Daily View: Response to Brown's 'bigot' remark
Commentators discuss Gordon Brown's description of a voter as a "bigoted woman".
Benedict Brogan says in the Telegraph that the truth is out about Gordon Brown:
"Still, we continue to clamour for truth on all fronts, even if the politicians refuse to oblige us. They are wise to the dangers. 'I know the truth,' Peter Mandelson said yesterday of his leader, as he tried once again to defend and explain the failings of his protege. But just like Mr Brown, and Mr Cameron, he knows it is sometimes best left unsaid."
Steve Richards asks in the Independent why Gordon Brown made the blunder:
"Elections are based on an illusion that political leaders like and respect every single voter they meet. Voters are allowed to harangue leaders, but never the other way around. In private, no doubt leaders across the world despair of voters that they meet, but they never do so in public. In being recorded unaware by a microphone Brown has smashed the illusion into pieces. The spell is broken. When he meets voters in the future they will wonder what he is really thinking."
In the Daily Mail Stephen Glover judges the moment to be extremely significant:
"Their encounter, and what followed, should be remembered as a kind of watershed in the relationship between those who govern us and the governed... "However he may abase himself, however much he may declare he has been forgiven, he has unwittingly revealed his true self, and there can be no recovery for him after this. If Mrs Duffy is a bigot, I am happy - no, honoured - to be a bigot too, and so all of us should be."
Mike Smithson at the blog Political Betting says Mr Brown may be lucky that today is the final debate day because the media will have to move on:
"Tomorrow will all be about this closing session which will frame the coverage for the final few days. Just reflecting on what happened the shocking thing that Mrs. Duffy highlighted is that virtually all of Brown's contacts during the campaign have been with hand-picked safe people. "What does it say about a Prime Minister and Labour Party leader who cannot be allowed to get near 'ordinary' members of the public?"
Jonathan Freedland suggests in the Guardian how Gordon Brown could survive:
"His best hope is tonight's debate. A bravura performance by him will change the story; a killer line will replace the Duffy footage and be replayed on a loop. But a lacklustre showing will add to the fear that Labour is heading for a calamity - and that Brown himself bears much of the blame."
In the Atlantic Andrew Sullivan explains to an American audience why he thinks the event is important:
"Gillian Duffy is a life-long Labour voter. She doesn't like being called a racist because she worries about immigrants; she's fed up with the welfare state rewarding, as she sees it, the unworthy; she's working class; she's not alone. This is Brown's base. He has essentially attacked his own base in the most condescending two-faced manner possible, on a live microphone, on every broadcast. Imagine if Obama's gaffe about 'clinging to guns and religion' had been uttered by John McCain, about his own base. With a week to go."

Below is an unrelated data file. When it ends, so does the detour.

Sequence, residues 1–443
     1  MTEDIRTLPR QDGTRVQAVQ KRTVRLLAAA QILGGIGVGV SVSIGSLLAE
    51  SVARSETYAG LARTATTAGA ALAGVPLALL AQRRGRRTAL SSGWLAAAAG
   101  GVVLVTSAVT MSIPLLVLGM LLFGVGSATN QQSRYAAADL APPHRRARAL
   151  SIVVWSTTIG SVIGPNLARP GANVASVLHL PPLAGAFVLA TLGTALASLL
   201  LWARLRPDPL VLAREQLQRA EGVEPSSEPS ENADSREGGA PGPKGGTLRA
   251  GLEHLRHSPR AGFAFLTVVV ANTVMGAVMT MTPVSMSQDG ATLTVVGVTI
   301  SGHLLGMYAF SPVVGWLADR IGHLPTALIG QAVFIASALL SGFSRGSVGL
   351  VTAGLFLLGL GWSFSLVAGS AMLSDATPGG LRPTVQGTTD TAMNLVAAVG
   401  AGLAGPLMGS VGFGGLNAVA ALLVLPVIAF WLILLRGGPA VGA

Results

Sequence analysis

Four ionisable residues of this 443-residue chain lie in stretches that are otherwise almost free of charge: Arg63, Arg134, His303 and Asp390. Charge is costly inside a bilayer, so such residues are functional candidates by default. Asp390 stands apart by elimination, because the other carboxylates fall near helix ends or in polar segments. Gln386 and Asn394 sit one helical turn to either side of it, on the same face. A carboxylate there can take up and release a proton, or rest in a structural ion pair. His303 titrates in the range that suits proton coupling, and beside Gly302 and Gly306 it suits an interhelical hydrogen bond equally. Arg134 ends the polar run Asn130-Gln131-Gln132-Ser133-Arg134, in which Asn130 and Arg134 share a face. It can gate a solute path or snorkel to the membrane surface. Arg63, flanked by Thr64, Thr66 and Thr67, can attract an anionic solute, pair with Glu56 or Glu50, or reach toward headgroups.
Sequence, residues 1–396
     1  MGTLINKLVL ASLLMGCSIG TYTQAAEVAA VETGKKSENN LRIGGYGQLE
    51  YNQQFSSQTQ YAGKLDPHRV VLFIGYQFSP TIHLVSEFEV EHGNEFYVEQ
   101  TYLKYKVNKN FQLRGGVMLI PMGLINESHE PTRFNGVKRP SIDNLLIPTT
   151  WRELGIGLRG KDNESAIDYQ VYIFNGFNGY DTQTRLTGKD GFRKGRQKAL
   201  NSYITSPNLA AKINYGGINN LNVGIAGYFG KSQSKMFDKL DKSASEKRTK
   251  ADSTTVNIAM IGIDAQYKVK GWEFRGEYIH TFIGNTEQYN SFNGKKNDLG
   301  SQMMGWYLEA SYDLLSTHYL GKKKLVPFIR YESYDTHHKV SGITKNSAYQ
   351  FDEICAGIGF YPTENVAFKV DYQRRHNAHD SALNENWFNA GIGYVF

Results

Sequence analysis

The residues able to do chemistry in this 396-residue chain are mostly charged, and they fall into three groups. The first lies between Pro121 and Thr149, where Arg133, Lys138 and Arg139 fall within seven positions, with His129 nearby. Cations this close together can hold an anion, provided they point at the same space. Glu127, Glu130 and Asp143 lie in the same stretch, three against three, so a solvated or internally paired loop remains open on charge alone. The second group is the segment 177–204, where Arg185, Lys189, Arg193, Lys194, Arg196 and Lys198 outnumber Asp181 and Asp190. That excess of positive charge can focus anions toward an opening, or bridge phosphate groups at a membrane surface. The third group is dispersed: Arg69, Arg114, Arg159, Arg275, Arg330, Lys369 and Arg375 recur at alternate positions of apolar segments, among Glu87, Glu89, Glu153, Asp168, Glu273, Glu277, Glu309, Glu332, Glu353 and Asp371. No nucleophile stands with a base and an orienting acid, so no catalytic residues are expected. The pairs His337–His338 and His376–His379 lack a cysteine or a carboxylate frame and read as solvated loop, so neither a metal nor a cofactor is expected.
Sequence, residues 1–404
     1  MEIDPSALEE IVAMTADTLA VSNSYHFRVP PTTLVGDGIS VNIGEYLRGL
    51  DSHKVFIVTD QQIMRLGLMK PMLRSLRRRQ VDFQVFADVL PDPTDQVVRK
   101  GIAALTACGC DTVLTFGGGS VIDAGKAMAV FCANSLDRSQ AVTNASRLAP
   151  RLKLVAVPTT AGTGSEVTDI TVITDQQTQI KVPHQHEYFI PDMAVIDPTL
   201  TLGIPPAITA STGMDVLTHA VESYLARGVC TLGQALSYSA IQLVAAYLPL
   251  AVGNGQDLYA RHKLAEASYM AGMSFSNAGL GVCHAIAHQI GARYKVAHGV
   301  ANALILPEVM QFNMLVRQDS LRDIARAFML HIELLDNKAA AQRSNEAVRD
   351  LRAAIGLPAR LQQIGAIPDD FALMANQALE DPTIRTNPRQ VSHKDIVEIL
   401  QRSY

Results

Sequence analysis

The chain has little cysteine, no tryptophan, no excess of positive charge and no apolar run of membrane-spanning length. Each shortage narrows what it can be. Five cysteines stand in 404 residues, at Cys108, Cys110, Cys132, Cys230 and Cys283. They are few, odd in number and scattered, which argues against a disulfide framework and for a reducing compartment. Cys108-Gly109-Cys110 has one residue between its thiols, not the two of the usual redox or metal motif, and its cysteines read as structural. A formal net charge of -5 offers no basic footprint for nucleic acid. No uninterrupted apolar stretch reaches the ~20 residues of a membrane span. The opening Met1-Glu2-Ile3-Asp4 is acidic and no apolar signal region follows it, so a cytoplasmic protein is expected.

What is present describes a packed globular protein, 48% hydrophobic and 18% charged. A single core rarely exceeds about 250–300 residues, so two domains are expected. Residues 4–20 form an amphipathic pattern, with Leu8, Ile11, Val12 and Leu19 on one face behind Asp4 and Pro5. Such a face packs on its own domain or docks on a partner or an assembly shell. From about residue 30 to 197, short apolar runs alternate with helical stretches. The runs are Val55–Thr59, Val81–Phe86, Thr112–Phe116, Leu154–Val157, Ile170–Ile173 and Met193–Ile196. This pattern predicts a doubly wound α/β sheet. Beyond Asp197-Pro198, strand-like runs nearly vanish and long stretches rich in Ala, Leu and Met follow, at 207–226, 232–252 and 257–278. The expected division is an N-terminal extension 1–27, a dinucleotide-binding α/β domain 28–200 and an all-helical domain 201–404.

Robert Mackey in the New York Times looks for similar moments in the most recent US presidential debate including the "Joe the Plumber" story.
Dan Balz in the Washington Post wonders how this will play out with Tony Blair:
"[N]othing he, his wife, Sarah, or senior Labor Party officials said in the aftermath of the incident could undo the damage of what he said. That's because the comment seemed to summon up every negative characteristic attributed to Brown during his long career in the Labor Party. "He has been described as a bully, as someone given to raging moods of anger, who blames others for his own mistakes, who despite great intellect and enormous power has acted as an insensitive and insecure, a man who brooded constantly at the slights and perceived slights at the hand of his rival, former prime minister Tony Blair."
In the satirical blog The Awl, a blogger called "Balk" gives a view on how the incident played out in the US:
"With little more than a week remaining in The Race to Run Knifecrime Island, British Prime Minister Gordon Brown, whose Labour party is running a disappointing third in the polls, has somehow managed to make things worse after being caught on a live microphone referring to an elderly voter who had asked him a question about immigration as a 'bigoted woman'... Making matters even more fatal for Brown, an interview in which he 'apologized profusely' for the remarks offered perhaps the worst optics of the campaign thus far... Check out his body language as he listens to the playback; this is pretty clearly a beaten man. There's something almost tragic about it. But also funny."